Mar 30, 2016 - Patricio Cano

Feature Highlight: SAML and its future within GitLab

As a Service Engineer I'm in constant contact with customers, listening to their needs, and I've noticed a steadily-increasing interest in SAML from our Enterprise Customers. That inspired me to dive a little deeper into the topic in an effort to improve our integration with SAML and to add better documentation. I hope this helps our customers and our community to better understand this feature.

In this blog post I'll give you an overview of what I've been working on, how it affects GitLab, and what we plan to do with SAML in the future. Our plan is to bring SAML up to par with the features that LDAP offers within GitLab.

What is SAML?

SAML stands for Security Assertion Markup Language. It is an XML standard that allows secure web domains to exchange user authentication and authorization data. Using SAML, an online service provider can contact a separate online identity provider to authenticate users who are trying to access secure content. [1]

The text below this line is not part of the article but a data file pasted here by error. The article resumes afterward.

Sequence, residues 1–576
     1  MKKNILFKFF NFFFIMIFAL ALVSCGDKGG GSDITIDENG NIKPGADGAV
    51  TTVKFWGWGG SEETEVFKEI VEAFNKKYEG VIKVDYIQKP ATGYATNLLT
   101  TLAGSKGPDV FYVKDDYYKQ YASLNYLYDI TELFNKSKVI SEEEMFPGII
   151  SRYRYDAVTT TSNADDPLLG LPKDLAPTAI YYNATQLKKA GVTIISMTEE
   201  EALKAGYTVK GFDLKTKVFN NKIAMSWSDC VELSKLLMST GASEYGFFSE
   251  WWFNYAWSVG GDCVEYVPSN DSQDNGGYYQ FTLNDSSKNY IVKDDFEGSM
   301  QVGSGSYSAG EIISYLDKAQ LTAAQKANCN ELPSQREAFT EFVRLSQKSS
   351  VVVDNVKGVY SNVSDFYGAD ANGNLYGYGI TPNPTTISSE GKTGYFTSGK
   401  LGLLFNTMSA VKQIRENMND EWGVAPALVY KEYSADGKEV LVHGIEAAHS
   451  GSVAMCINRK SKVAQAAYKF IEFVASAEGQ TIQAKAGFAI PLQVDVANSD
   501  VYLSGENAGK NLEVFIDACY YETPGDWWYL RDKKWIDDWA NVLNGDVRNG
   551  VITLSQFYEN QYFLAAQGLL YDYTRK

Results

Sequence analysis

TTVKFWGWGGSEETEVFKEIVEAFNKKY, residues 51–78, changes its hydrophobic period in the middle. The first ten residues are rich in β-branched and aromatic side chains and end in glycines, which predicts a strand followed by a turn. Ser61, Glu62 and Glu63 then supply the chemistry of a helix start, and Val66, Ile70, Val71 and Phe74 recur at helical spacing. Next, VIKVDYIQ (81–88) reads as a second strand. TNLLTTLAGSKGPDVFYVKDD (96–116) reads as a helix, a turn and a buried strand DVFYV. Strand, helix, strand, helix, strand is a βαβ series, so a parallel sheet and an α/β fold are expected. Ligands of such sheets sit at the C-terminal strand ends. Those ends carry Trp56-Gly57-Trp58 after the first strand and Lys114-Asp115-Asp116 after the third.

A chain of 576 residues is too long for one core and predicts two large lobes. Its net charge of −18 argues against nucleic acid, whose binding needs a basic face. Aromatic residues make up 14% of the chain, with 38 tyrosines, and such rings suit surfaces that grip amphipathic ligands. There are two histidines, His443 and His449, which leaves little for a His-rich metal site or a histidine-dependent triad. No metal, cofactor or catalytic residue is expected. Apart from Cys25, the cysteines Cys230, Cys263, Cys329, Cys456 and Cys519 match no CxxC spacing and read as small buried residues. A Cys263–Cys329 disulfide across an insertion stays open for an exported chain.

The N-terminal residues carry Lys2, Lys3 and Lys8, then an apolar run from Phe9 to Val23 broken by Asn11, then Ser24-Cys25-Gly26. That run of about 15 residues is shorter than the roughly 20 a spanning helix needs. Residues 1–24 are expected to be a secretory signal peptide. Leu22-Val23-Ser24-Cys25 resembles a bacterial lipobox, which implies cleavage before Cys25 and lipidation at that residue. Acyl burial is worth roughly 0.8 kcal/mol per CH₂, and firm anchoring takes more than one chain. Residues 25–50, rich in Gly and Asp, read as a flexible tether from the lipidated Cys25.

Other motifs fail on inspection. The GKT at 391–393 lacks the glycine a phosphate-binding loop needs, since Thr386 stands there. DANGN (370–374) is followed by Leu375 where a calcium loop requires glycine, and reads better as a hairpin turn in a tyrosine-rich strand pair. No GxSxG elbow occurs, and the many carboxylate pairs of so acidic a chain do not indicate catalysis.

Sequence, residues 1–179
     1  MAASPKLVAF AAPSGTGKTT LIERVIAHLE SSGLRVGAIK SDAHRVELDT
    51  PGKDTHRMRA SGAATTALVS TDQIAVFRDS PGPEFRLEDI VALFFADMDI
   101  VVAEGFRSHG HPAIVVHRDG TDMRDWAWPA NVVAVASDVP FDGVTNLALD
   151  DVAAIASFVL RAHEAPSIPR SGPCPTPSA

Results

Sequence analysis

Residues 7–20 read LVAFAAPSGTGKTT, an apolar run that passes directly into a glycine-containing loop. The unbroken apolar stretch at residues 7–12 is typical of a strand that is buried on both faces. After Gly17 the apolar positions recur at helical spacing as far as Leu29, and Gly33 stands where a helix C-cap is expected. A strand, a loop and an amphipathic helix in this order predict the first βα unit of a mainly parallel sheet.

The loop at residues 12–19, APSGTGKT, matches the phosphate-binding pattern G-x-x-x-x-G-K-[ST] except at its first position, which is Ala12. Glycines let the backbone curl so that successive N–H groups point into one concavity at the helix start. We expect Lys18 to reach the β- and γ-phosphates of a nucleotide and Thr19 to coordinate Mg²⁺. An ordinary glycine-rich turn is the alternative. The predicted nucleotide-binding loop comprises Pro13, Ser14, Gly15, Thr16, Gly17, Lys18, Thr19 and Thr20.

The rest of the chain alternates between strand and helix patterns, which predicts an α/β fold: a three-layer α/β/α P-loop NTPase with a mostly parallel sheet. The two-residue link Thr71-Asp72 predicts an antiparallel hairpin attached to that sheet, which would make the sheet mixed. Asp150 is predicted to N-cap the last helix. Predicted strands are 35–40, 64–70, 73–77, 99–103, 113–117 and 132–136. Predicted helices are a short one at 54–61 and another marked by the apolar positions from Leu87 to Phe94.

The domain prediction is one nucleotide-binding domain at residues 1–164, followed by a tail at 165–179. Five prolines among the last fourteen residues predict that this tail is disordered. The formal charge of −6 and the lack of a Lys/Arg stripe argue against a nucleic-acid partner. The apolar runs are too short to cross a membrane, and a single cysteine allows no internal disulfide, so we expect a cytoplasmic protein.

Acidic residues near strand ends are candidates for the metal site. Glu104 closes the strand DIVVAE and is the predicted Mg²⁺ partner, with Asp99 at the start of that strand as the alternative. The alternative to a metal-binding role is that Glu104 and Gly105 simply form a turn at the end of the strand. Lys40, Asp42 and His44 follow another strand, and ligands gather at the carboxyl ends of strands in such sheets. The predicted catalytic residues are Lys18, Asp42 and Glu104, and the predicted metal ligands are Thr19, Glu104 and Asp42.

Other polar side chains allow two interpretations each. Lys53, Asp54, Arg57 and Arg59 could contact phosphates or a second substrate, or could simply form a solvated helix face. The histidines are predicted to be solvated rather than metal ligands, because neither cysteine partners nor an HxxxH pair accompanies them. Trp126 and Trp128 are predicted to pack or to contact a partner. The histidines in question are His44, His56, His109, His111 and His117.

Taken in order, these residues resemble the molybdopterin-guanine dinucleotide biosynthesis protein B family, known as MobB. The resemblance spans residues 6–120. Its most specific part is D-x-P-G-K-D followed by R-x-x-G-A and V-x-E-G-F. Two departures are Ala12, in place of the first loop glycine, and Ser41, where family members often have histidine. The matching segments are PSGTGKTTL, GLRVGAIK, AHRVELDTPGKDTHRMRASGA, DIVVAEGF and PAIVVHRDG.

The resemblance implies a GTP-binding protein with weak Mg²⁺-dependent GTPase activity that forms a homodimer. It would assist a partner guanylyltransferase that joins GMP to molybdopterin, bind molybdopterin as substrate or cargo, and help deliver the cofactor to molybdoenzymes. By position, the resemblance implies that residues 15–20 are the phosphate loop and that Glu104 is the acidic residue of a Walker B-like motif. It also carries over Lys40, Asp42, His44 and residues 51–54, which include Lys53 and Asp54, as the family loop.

This gives you the ability to add users to your service without having to know anything about them beforehand. You just need to trust the identity provider.

It also provides you with the ability to enable Single Sign On (SSO) for your GitLab instance, allowing your users to access your GitLab instance without having to create a new account and set a password.

Here is an example on how the SAML request and response work. In this example GitLab would be the "Service Provider":

SAML Workflow Example